• Hi Douwe. You ask some tough questions. What would you suggest to consumers at this juncture, in terms of seafood? As you may know, seafood makes up a critical protein for a huge number of people, especially in developing countries. In developed countries consumers do have more choices, but what would you suggest they do as well?

  • Susie O’Keeffe

    Hello Brian –

    Thank you for covering this story.

    As I understood the video, Blackfish is not talking about individual fishermen and women, it is talking about corporations and, indirectly, the people they exploit on their ships, in the processing factories, at Superstores, etc. They are also pointing out that there is nothing “sustainable” about corporate fishing techniques that dump most of their catch back to die, and take a hugely disproportionate amount of fish to fuel a wasteful system of industrial foods, most of which are profoundly unhealthy (think cheap fast foods). As far as protein goes, yes, many people do rely on fish they catch or other individuals catch and sellā€“ these are not the people Blackfish is talking about. Soon, these individuals will not be fishing at all if we do not wake up to the fact that corporate fishing trawlers raping the seas need to be stopped. And, certainly, there are smaller operators who are also exploiting and taking anything and everything they can. These violations also need to be addressed. Another overlooked fact is how much of the fish kept is wasted. According to the CSMonitor, 40% of all fresh fish is throw away!

    The difficult truth is we need to completely RE-IMAGINE our food systems from how we fish to the fork. It is nothing short of a revolution, yet it must be one based in peace and compassion for all beings…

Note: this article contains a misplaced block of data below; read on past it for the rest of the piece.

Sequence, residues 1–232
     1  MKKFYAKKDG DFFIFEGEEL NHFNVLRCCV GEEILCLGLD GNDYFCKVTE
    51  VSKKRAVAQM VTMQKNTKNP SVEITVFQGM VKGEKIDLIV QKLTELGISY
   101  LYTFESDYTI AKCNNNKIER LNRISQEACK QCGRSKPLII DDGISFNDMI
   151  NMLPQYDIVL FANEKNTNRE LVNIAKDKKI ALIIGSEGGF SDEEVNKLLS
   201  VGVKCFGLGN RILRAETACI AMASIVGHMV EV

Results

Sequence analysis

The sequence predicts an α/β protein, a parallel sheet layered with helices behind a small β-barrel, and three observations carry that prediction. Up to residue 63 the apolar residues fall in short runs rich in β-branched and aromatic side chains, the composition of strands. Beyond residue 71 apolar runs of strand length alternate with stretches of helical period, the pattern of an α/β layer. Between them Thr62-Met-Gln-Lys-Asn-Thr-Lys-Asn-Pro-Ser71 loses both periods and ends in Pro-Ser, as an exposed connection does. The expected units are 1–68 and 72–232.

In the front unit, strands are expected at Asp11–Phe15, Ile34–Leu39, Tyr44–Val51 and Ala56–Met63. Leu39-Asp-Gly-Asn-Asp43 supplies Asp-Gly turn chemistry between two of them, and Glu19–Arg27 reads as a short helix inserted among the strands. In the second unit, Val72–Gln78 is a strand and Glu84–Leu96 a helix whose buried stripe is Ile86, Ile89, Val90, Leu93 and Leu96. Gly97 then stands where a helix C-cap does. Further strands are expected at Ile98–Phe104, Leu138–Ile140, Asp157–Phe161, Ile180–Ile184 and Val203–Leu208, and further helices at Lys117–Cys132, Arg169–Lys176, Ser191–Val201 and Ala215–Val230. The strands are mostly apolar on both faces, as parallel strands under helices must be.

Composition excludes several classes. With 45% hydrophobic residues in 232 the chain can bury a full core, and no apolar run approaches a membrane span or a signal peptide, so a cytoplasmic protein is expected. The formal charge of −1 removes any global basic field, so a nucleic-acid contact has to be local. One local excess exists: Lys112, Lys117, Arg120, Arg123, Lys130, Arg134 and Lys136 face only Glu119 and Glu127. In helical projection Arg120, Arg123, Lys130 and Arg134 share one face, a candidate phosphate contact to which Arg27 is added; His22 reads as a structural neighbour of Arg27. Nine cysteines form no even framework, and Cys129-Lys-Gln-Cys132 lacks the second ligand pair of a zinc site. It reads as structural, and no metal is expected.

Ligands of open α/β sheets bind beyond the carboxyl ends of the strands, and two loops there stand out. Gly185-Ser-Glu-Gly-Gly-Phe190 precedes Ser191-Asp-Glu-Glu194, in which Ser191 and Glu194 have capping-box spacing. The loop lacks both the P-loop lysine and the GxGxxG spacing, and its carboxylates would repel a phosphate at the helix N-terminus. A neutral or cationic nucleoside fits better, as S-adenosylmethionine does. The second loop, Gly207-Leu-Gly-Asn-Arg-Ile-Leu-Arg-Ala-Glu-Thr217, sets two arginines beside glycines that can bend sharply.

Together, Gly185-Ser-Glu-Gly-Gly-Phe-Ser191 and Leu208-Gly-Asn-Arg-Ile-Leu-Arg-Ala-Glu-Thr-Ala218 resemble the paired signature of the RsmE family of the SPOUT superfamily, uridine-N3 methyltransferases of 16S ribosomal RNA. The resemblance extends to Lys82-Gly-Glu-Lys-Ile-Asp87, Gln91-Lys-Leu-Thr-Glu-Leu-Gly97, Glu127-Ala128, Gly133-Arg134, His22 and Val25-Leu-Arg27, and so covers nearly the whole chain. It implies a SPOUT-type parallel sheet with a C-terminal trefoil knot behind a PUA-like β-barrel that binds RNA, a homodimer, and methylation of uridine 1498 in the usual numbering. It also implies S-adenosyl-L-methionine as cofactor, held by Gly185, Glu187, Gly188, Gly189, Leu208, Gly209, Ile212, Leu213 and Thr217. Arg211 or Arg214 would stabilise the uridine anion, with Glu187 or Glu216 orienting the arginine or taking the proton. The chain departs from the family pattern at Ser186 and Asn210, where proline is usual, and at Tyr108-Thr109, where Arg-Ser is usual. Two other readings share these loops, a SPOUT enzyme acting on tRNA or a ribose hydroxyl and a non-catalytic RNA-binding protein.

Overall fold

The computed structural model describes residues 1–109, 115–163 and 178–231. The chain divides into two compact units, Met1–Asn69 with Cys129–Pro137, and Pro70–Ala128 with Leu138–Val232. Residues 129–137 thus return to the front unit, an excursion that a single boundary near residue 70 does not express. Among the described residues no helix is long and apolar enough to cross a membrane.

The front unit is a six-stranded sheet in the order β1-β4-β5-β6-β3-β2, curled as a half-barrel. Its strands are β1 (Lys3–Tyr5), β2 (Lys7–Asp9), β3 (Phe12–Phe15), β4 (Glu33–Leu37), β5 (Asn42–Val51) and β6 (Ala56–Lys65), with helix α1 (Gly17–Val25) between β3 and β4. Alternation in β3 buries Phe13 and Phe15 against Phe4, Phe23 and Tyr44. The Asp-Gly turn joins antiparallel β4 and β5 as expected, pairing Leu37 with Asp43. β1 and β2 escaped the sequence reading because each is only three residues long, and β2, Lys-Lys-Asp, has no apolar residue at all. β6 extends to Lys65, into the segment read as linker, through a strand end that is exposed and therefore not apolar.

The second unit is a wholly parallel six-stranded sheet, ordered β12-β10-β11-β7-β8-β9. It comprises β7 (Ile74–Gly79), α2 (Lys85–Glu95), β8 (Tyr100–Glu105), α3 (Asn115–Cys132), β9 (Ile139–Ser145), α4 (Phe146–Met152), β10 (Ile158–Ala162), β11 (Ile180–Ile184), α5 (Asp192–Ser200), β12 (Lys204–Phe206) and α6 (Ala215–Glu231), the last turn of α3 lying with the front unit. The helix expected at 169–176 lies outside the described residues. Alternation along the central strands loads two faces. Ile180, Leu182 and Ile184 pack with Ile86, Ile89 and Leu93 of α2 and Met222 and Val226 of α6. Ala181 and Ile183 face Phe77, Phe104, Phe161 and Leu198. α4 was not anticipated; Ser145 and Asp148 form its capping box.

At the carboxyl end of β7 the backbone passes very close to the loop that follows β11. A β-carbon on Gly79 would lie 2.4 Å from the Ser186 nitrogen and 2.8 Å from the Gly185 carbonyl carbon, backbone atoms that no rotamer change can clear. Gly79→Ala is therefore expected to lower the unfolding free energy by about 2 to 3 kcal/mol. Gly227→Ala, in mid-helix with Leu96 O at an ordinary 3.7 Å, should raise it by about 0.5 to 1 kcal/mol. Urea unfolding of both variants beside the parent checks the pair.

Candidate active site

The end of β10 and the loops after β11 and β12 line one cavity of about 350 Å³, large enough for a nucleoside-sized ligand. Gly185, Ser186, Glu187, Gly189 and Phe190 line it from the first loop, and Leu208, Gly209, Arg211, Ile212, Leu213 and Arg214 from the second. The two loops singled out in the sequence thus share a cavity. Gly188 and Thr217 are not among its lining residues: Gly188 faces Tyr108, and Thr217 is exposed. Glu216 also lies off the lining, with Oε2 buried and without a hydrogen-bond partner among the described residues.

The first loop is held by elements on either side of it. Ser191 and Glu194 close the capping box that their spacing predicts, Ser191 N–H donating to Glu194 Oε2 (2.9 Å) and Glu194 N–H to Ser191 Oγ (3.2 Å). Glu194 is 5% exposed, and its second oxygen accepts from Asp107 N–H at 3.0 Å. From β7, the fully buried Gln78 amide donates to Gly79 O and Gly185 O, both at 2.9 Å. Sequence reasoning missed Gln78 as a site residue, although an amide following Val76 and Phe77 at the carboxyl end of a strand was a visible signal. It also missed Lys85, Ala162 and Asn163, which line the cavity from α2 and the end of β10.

There is virtually nothing morally, spiritually, economically, culturally or ecologically “sustainable” in our current corporate food systems. Dismantling corporate control of the commons at sea, as well as on land, is an essential step. And, yes, it will hurt, and we all know that many are making a killing, and some good wages with things as they are, yet, to continue as is is simply a crime. We need to wake up to this fact. At this point, our desire to think that somehow this all can be made “sustainable” makes us complicit.

    If we care at all for the next generation, we will speak the truth as Blackfish does, and get busy tackling this disastrous and immoral situation. The good news is the future could lie in restoration and revitalization of the seas, the rivers, the land. It is up to us, especially those of us in positions of influence and power.

  • Christian Molter

    Instead of asking if the message isn’t a bit harsh (which it is not in my opinion) NatGeo could use all its influence in protecting all species that face endangerement. Most people need education and they need to wake up. The Black Fish are also about creating awareness among people and this movie helps with that. My suggestion is to direct criticism to the supertrawlers and illegal driftnetfisheries.

  • Seabird

    I think BCH has missed the mark in wanting Losing Nemo to be more gentle on the fisheries. I think that we can all agree with your statement “…although most individual fishermen Iā€™ve talked to seem like good people who are just trying to make a living while being out on the water.” The problem is that fisheries are no longer run by fishermen. They are run as multinational businesses, free of any responsibility or ethics that their shareholders do not place on them. Business models suggested economic viability to whaling to extinction- it was only stopped by public outcry. And now the same is happening with Bluefin tuna and other large pelagic fishes in a time with fewer corporate responsibilities and a public fatigued with environmental causes.
    The film makers are right in saying you “can’t negotiate with biology” -and our oceans are being damaged by intractable fishing corporations. I’m sorry that BCH doesn’t like the sound of the bell that Blackfish is ringing, but that doesn’t make the sound (or the data) any less clear.

  • Serge CassĆ©e

    Just a reminder about the most important factor of industrialised fishing:it’s all about money.Nothing more or less. The largest proportion of benefits are reaped by a very small group of individuals who I think are very far removed from and not to concerned about where the catch is coming from and how it is caught,let alone what losses may occur for the future generations.This is my problem with the ones who send out the floating factories all over the seas.